London: Richard Bacon MP, member of the Committee of Public Accounts (PAC), says that the NHS's National Programme for IT, led by IT consultancy CSC, is one of the worst contracting fiascos the UK public sector has known — and warns that the Universal Credit project could suffer from the same failings:
"The taxpayer is continuing to pay the price for the ill-fated National Programme for IT in the NHS.
"Although officially 'dismantled', the National Programme continues in the form of separate component programmes which are still racking up big costs.
"The original contracts with CSC totalled £3.1 billion for the setting up of the Lorenzo care records system in trusts in the North, Midlands and East. Despite the contractor's weak performance, the Department of Health is itself in a weak position in its attempts to renegotiate the contracts. It couldn't meet the contractual obligation to make enough trusts available to take the system.
"The Department is now assuming that just 22 trusts will take the Lorenzo system.
"We still don't know what the full cost of the National Programme will be. The Department's latest estimate of £9.8 billion leaves out the future costs of Lorenzo or the potential large future costs arising from the Department's termination of Fujitsu's contract for care records systems in the South of England.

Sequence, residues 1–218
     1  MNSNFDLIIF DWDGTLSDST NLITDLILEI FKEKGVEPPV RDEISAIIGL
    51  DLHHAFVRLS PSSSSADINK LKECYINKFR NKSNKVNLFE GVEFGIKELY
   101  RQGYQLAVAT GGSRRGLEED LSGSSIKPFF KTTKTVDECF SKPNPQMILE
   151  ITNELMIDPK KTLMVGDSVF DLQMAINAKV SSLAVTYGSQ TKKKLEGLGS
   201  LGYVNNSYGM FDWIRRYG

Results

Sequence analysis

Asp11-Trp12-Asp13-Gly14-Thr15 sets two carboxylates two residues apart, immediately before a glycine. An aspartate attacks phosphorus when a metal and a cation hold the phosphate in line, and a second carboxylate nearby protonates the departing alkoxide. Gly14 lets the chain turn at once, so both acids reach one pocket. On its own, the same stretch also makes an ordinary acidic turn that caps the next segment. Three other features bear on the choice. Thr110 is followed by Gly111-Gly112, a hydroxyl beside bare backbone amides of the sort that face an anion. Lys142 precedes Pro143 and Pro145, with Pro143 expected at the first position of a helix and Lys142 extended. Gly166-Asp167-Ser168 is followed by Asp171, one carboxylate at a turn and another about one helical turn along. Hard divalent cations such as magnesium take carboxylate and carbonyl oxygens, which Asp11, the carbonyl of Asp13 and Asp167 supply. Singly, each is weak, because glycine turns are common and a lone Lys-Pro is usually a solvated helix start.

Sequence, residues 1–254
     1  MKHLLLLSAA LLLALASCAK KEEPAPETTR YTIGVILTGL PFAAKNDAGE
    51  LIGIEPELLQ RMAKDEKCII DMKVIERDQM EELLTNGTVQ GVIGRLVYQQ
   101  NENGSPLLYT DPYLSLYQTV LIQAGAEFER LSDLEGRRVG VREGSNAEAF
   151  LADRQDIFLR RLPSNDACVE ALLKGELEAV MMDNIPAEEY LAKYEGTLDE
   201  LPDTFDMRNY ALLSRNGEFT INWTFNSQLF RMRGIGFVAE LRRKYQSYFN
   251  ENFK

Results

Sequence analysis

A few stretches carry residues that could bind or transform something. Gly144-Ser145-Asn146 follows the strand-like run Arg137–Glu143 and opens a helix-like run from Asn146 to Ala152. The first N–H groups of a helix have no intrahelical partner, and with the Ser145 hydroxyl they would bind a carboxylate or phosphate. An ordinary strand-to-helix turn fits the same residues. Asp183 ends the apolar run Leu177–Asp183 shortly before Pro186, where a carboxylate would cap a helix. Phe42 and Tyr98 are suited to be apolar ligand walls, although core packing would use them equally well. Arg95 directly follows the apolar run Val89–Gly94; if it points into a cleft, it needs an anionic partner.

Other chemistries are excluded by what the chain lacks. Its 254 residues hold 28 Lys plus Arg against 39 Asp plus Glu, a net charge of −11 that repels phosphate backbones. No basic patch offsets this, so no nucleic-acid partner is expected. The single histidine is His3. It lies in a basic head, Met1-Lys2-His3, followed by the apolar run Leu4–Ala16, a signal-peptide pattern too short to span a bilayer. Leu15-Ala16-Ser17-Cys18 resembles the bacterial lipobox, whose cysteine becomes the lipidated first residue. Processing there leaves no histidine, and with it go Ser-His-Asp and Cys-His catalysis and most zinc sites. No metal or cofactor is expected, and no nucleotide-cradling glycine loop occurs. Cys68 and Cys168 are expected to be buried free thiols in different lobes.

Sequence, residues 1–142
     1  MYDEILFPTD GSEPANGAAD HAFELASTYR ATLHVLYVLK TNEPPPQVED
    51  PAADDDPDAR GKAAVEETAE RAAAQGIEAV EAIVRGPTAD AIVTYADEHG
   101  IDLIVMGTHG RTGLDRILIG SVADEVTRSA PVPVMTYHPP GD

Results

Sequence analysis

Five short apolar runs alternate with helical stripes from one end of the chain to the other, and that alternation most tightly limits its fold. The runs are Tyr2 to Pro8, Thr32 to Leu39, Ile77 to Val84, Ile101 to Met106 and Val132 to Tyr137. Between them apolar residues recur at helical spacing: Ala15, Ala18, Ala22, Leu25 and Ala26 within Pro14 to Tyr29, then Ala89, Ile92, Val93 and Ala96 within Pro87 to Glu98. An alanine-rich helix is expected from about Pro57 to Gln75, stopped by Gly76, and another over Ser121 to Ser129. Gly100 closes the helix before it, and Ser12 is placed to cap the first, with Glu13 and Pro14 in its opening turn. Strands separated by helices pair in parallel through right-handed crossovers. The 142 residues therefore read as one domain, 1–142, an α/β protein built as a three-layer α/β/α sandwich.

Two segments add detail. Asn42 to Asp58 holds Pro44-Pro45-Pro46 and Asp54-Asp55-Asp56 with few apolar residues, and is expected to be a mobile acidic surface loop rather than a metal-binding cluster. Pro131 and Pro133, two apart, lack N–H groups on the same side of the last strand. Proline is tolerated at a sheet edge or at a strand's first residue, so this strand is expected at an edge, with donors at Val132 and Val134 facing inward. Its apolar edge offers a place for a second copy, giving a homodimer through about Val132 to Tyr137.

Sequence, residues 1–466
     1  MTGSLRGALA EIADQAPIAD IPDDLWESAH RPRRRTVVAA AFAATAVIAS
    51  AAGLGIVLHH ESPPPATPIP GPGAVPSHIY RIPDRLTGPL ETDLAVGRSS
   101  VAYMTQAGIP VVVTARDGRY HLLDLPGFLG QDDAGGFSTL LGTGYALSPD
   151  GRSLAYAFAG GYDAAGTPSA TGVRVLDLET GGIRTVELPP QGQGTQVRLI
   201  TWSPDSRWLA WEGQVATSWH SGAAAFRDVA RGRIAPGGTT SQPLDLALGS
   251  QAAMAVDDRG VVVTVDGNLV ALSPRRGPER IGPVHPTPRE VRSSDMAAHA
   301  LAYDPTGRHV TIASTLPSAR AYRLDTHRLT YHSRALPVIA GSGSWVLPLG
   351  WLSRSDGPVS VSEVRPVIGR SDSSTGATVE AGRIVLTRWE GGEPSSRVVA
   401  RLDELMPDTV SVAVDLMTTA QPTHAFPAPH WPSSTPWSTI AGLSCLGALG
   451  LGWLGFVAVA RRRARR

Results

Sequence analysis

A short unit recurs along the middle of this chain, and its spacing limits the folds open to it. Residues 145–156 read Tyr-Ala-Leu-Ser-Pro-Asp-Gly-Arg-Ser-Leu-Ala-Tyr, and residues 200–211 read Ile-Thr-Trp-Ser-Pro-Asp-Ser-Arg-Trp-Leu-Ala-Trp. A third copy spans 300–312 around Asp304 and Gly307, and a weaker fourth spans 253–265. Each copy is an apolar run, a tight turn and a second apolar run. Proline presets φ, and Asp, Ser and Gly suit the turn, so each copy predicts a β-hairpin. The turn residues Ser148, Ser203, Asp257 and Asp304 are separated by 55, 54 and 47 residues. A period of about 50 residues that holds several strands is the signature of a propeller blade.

"Parliament needs to be kept informed not only of what additional costs are being incurred, but also of exactly what has been delivered so far for the billions of pounds spent on the National Programme.
"The benefits flowing from the National Programme to date are extremely disappointing. The Department estimates £3.7 billion of benefits to March 2012, just half of the costs incurred.
"This saga is one of the worst and most expensive contracting fiascos in the history of the public sector. Yet, as the much more recent Universal Credit project shows, there is still a long way to go before government departments can honestly say that they have learned and properly applied the lessons from previous contracting failures such as the National Programme. It should be plain to anyone that we are witnessing systemic failure in the government's ability to contract.
"Given the Department's track record with the National Programme, it is very hard to believe that the paperless NHS towards which the Department is working has much chance of being achieved by the target date of 2018."
Richard Bacon was speaking this week as the Committee published its report examining the current position on the dismantled National Programme for IT in the NHS. Below we carry the PAC's comments on the programme in detail.